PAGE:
EVERYONE HAS A ROLL
A celebration of the ‘Black Art’ at play behind-the-scenes at the factory, Michelle Wren’s multimedia installation is a humorous and evocative reflection on the hidden customs of the workforce.
Someone is still considered a new starter at Graham and Brown when they have worked there for 7 years so to even begin to unpick the place in 3 months is a tall order. But after two months of chatting, listening and a lot of laughing, with the help of many people and by commissioning artists Rizwan Riyazuddin and Gavan Hobkirk from the factories pink shift and sound artist Phullopium Dude I think this 3D multi media installation captures the spirit and generosity of Graham and Brown and the people there. Many know the story of Graham and Brown well now come and meet the people who make the paper.
Debbie knows the alarm is shorter for a label missfeed and longer for a flapfind. Gavin tricks his workmates into singing songs by typing their titles into a comments box.
Jimmy started at the factory the day he finished school and the manager made him a clock in card. He is still there 30 years later – Graham and Brown is teeming with stories and quirks and Michelle Wren’s six-foot, animated, multimedia installation, with music by Phullopium Dude, intertwines them.
Her installation at Blackburn’s RIBA Award-nominated Bus Station, is complemented by a wry worker’s manual – ‘The Art of Doing Things Well’ – which details those dark arts of employment not usually included in the employees’ handbook. Both have been produced in close collaboration with workers of the 12-hour ‘pink shift’ and offer a true celebration of the humanity at the heart of the factory, from the entrepreneurial spirit of the founders to the satisfaction of a perfectly timed cigarette break.
Michelle Wren is a visual artist and set designer who works in participatory contexts with communities, creating work that responds to a place and its people. The artist works with people to solve problems, working, laughing, smiling and getting annoyed together until all the collaborators are happy and have made an idea happen.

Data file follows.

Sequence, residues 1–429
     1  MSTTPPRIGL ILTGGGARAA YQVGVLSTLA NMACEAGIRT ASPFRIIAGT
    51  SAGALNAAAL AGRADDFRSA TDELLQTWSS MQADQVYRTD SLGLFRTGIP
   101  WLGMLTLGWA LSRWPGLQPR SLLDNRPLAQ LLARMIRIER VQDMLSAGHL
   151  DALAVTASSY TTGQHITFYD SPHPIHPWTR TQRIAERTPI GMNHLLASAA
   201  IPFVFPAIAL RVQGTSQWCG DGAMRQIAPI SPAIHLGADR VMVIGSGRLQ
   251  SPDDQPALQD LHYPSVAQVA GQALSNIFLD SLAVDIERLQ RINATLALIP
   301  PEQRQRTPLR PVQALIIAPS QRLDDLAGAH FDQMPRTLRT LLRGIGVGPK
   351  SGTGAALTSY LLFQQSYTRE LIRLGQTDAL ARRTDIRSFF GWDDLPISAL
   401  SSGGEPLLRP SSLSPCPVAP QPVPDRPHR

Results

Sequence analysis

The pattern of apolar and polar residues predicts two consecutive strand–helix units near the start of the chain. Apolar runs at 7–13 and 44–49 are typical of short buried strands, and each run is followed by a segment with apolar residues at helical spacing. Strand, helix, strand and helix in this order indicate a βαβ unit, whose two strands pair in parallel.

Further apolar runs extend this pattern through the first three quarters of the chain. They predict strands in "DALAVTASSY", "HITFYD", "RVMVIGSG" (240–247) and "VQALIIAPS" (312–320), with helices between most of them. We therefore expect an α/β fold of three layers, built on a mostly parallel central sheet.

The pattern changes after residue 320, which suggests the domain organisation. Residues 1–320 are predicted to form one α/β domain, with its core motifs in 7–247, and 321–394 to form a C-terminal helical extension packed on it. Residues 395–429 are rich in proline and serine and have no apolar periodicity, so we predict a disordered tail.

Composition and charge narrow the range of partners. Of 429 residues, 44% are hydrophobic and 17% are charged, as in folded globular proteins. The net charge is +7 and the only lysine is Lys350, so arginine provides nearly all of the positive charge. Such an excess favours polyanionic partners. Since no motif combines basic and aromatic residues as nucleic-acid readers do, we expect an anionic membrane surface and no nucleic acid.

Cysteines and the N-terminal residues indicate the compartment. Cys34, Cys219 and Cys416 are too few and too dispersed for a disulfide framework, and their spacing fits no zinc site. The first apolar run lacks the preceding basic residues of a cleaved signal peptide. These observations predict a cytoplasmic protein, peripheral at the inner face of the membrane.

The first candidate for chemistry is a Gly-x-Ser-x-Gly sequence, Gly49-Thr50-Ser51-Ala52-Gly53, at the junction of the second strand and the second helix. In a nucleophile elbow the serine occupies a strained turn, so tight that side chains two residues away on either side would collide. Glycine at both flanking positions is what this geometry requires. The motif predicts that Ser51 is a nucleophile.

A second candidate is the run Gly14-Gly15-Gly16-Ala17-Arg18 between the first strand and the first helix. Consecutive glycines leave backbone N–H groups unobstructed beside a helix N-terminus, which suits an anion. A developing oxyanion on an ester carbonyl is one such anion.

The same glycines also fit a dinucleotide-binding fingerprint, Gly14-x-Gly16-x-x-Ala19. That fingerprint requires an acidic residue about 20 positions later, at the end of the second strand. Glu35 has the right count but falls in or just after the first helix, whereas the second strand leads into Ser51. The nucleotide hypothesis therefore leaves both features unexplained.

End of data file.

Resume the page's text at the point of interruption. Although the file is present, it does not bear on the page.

Started by two friends, Harold Graham and Henry Brown, after the Second World War, Graham & Brown have built up an international reputation from their base in Blackburn, Lancashire. Selling to over seventy-five countries and with divisions across the world, they continue to innovate in design and product development and work with high profile designers and emerging design talent.
Michelle has got under the skin of our business – the characters, the history and the passion we have for what we do – to create a fascinating and unique piece, reflecting so much of what makes us Graham & Brown.
ALAN KEMP, GRAHAM & BROWN
Art in Manufacturing is a collaboration that saw manufacturers and workforce communities, often coming from generations that have worked in these industries, very generously impart their knowledge to the resident artists who, in turn, have shone a spotlight of excitement and curiosity onto their formidable skills and dedication.
Everyone Has a Role was made by the the artist and the following collaborators
Phullopium Dude – Sound artist
Rizwan Riyazuddin – Sketches of people
Gavan Hobkirk – Street signs and inspiration
Mick – Building of printer frame
Mark – Building of factory facade
Martyn Whiteside – Printer frame design
James – Wallpapering support
Pete and Gareth – Digital printing
Howard and Pete – Colour mixing
Carl – Acetate Prints for screens
Howard – Screenprinted handbook
Phil – Screen sourcing
Ann Bowers – Material sourcing
Mark and Ivan – drivers
Julian Kellet – saying yes
Donna Riley and Victoria Lee – Wallpaper sourcing
Claire Sheridan – Archive photos
“There are too many names to print for all of those who contributed their time in showing me round, telling me stories, becoming my friends, making me feel at home and giving me more inspiration than I could ever wish for. Their names might not all appear here but you will see them throughout the work.”
With special thanks to Mary Painter and all the amazing volunteers at Blackburn Library Archive and Vicci McCann at Lancashire Archives